The towing capacity for the standard front wheel drive explorer advertised as 2000lbs But when you have an Explorer loaded up with cargo and people as well as a trailer, you need to be careful that you don’t exceed the GCWR of 6880 lbs.   If you don’t have the original documentation that came with your vehicle, you may need to contact the manufacturer.  If you have the VIN, they should be able to give you the GCWR for your vehicle.

The curb weight of the SUV is 4443lbs, and your cargo weighs 950lbs for a total of 5393lbs. This means that if you tow a 200lb trailer, you’ll be overweight by 513 lbs. Since the GVWR is only 6880, you need to lose $500 lbs somewhere. You need either a lighter trailer, or you need to lose some of your passengers!


The towing capacity of a vehicle can be confusing. The manufacturer of advertises the best case scenario of a nearly empty vehicle towing a trailer. It’s always a good idea to check the Combined Vehicle Weight Rating to make sure your vehicle can safely tow your trailer and your cargo. Most trucks and SUVs should have small sticker inside the driver’s side door panel that shows the GVWR, and GCWR. The best way to truly make sure you aren’t overloaded is to load up your rig and head to a weigh station. Weigh your whole setup fully loaded, and make sure you aren’t overweight.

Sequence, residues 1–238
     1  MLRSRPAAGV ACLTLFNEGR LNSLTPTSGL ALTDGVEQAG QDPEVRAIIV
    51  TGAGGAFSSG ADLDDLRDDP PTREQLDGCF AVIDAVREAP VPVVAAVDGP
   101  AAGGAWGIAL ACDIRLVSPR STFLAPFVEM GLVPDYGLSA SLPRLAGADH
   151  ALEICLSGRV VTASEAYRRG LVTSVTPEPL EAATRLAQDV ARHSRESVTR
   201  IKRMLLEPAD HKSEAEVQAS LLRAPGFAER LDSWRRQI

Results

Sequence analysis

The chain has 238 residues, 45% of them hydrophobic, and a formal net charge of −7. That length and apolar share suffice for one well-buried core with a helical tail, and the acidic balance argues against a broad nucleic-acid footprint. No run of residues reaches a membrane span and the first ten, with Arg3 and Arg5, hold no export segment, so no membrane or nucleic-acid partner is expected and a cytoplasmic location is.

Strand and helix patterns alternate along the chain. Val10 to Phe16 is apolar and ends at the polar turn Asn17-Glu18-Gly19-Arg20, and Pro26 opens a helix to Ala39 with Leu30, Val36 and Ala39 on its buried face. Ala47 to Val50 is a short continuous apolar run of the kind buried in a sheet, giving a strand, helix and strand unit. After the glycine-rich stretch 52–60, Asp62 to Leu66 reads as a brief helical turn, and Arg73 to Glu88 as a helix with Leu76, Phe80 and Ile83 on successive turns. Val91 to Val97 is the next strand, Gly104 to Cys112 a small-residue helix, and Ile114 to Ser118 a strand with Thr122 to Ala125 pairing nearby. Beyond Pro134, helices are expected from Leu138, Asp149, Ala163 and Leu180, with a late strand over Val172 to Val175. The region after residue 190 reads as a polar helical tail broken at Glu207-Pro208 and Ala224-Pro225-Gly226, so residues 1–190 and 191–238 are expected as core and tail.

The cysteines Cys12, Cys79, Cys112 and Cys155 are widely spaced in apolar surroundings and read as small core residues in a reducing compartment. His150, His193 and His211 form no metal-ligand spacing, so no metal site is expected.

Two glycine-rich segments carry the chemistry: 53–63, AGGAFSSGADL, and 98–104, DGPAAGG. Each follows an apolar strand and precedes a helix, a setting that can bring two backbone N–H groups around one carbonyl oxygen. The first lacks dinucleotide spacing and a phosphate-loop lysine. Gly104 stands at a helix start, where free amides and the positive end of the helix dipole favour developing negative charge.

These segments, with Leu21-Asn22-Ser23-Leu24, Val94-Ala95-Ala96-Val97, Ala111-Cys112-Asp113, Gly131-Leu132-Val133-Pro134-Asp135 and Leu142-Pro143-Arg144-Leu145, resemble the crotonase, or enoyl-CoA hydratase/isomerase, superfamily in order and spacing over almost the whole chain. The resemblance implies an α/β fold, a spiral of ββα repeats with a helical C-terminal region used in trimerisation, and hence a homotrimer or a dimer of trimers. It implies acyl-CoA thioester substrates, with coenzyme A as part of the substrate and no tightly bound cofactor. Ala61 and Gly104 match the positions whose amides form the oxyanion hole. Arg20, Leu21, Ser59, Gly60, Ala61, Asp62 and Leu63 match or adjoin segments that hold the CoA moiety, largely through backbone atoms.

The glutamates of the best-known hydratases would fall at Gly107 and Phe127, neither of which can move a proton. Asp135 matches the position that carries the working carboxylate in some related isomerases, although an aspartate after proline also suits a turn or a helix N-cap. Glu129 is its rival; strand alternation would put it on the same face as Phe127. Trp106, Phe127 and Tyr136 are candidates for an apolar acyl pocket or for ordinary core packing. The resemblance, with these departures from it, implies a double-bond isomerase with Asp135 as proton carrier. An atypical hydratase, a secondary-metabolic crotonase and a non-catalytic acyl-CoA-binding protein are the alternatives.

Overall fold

If you already have a tow vehicle and are shopping for a trailer, load up the vehicle with everything except the trailer and get it weighed first.  Subtract that total weight from the GCWR posted on the vehicle, and be sure that your loaded travel trailer is under that weight.

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The light weight and towability of many teardrop trailers is on of the many reasons  campers choose teardrop trailers like the T@B and T@G trailers or even the Safari Alto  and R-Pod trailers. Some of these trailers come in at under 2000lbs, and still provide many creature comforts.    If you buy one of these little travel trailers. Be sure to visit us for your trailer covers, awnings, side tents, and more.